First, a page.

Today, debates about the use of torture
usually focus on the treatment of foreign terror suspects
outside of the United States. Less talked about are the many
well-documented instances of torture inflicted on US citizens in their
own cities by their own government. One of the most infamous
examples of torture in the US happened in Chicago in the 1970s. A police officer named Jon Burge
had been promoted to detective and assigned to area two of the Chicago PD. Soon after, suspects held there began
to be tortured in a variety of ways. They were shocked by cattle prods and
beaten with ashtrays, flashlights, phone books, and rubber hoses. They were sexually assaulted, having
their genitals kicked, stepped on, and electrocuted. They were deprived of food,
water, and held incommunicado for prolonged periods of time. They were stripped naked, held in
stress positions, and denied sleep. Victims were also subjected
to mock executions, including games of Russian roulette,
having nooses placed around their necks, guns put in their mouths and
being dangled out of open windows. Burge and his men subjected at least
110 African American men to torture. Leading to false confessions and
wrongful convictions. Chicago journalist, John Conroy, has documented that Burge’s use of these
techniques was influenced by his prior experiences as part of the ninth military
police company during the Vietnam war. In Vietnam, Burge was stationed at
the Dong Tam prison where he processed, transported, and guarded prisoners. According to his company commander,
members of his unit participated in the torture of
prisoners, including electro torture. One of them stated, quote, we could pretty much do anything,
as long as we didnt leave scars on people. The connection between the torture
practice in Dom Tam, and that which later occurred in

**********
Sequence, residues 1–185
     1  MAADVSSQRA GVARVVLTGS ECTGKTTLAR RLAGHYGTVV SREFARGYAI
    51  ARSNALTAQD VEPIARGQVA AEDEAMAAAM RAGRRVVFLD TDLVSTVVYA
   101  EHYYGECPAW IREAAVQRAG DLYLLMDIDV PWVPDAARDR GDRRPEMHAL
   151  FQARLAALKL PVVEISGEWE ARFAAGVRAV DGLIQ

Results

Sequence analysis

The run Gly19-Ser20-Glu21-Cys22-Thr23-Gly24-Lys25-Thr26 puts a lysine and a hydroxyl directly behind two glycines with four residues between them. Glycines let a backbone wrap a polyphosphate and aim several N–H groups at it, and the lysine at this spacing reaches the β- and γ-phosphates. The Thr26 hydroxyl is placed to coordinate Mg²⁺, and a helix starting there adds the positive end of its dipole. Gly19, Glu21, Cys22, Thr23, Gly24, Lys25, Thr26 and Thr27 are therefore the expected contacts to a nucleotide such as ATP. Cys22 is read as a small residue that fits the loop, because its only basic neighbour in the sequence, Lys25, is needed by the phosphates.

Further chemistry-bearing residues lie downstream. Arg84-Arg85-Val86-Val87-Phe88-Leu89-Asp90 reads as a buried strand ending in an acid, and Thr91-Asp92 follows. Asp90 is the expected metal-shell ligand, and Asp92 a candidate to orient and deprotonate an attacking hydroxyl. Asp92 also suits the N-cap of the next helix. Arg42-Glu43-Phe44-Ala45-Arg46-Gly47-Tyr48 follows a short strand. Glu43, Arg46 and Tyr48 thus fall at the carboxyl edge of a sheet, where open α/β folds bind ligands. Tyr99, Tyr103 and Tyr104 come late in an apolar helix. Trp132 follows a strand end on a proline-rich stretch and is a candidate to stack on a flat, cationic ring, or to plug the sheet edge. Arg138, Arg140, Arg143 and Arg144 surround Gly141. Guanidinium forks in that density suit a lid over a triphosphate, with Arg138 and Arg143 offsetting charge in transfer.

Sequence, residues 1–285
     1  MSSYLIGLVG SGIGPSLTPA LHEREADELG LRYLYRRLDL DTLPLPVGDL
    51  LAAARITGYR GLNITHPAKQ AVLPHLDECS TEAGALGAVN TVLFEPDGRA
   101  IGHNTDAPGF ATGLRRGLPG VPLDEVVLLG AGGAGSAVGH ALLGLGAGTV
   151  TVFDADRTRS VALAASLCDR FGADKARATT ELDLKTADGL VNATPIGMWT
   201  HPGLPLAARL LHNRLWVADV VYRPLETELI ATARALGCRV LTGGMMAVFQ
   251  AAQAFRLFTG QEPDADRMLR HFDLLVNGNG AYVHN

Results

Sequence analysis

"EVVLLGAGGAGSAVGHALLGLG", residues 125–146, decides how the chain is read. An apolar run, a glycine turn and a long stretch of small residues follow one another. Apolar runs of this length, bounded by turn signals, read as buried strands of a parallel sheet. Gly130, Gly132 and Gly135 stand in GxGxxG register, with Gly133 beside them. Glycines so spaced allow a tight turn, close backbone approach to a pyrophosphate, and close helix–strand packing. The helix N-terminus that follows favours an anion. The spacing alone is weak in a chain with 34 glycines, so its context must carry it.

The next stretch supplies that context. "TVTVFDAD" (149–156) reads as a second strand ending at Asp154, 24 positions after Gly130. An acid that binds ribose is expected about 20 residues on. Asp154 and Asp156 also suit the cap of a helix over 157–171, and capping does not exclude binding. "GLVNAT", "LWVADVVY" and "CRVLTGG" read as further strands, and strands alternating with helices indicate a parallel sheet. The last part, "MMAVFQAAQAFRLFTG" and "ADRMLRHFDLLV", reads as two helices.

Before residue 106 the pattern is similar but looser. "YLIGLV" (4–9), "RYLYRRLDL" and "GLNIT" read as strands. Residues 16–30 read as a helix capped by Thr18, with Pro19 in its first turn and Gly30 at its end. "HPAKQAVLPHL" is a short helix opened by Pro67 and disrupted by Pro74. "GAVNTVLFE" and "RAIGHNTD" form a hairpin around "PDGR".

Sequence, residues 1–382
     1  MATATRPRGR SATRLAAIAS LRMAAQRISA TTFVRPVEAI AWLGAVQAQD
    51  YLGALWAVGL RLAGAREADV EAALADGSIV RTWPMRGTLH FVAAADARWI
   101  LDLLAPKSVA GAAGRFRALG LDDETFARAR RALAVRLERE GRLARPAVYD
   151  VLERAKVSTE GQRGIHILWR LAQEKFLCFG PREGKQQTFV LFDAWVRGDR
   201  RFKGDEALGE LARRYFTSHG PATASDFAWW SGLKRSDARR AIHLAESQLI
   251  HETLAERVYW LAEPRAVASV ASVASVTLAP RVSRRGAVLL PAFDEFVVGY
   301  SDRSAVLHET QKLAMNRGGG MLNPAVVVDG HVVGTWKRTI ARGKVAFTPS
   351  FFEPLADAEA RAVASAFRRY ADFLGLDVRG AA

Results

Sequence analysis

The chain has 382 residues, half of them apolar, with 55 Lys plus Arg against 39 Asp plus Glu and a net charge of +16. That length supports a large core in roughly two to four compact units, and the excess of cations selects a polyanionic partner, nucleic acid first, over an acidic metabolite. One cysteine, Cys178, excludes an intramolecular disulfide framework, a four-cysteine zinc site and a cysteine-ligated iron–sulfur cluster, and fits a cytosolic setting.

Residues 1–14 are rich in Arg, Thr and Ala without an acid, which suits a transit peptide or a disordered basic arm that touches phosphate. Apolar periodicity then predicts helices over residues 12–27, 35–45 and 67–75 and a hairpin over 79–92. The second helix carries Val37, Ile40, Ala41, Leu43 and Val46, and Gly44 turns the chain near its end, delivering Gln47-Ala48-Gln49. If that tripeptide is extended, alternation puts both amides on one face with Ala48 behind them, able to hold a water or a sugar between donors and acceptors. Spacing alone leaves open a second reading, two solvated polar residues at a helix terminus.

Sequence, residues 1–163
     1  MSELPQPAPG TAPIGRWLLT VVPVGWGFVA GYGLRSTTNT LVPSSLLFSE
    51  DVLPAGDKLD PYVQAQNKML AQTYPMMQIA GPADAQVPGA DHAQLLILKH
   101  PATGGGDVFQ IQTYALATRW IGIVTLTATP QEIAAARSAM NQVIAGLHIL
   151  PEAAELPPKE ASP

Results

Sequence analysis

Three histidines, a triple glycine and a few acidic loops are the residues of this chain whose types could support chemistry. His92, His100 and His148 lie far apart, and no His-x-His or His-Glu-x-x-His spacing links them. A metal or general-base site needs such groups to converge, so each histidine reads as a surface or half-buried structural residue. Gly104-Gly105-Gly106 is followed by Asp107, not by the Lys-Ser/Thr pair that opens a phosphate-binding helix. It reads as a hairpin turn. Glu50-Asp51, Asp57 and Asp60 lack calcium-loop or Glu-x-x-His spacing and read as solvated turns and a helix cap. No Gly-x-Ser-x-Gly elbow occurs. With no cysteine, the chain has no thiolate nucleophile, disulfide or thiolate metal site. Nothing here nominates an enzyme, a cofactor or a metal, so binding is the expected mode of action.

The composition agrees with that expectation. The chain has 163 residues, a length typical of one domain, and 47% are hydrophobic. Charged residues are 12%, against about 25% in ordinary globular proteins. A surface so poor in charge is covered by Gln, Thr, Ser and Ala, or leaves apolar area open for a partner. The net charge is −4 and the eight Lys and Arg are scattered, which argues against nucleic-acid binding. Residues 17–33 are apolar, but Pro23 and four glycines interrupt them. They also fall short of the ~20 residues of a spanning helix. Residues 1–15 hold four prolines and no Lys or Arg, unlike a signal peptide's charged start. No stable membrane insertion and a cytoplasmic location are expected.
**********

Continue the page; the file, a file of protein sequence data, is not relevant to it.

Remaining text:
Chicago’s Area 2, is clear. If any doubt remained, a long time Chicago
police officer testified that Burge had referred to these methods as the Vietnam
Special, or the Vietnamese Treatment. Unfortunately this illegal treatment
was part of a broader pattern. There are documented cases going
back more than a hundred years of local law enforcement officers
using torture techniques on American citizens that they’d learned in foreign
war zones, including not only Vietnam, but the Philippine-American War,
World War II, and recent conflicts like the wars in Iraq and
Afghanistan. This pattern has been repeated despite
the fact that protections against torture are enshrined in our
nation’s founding documents. Including the 8th Amendment of the Bill
of Rights, which prohibits cruel and unusual punishment. And the 5th Amendment, which says that defendants cannot be
forced to testify against themselves. But such legal protections have not
been enough to prevent this abuse. The lesson is that when Americans at war
are taught that torture is acceptable to elicit information or
dole out punishment, they may not leave those experiences
behind on foreign battlefields. History tells us that some of them will
use those methods in their work back home. This should offer a new perspective on
the debate over whether the use of torture can be morally justified. And whether it’s effects
can ever be contained.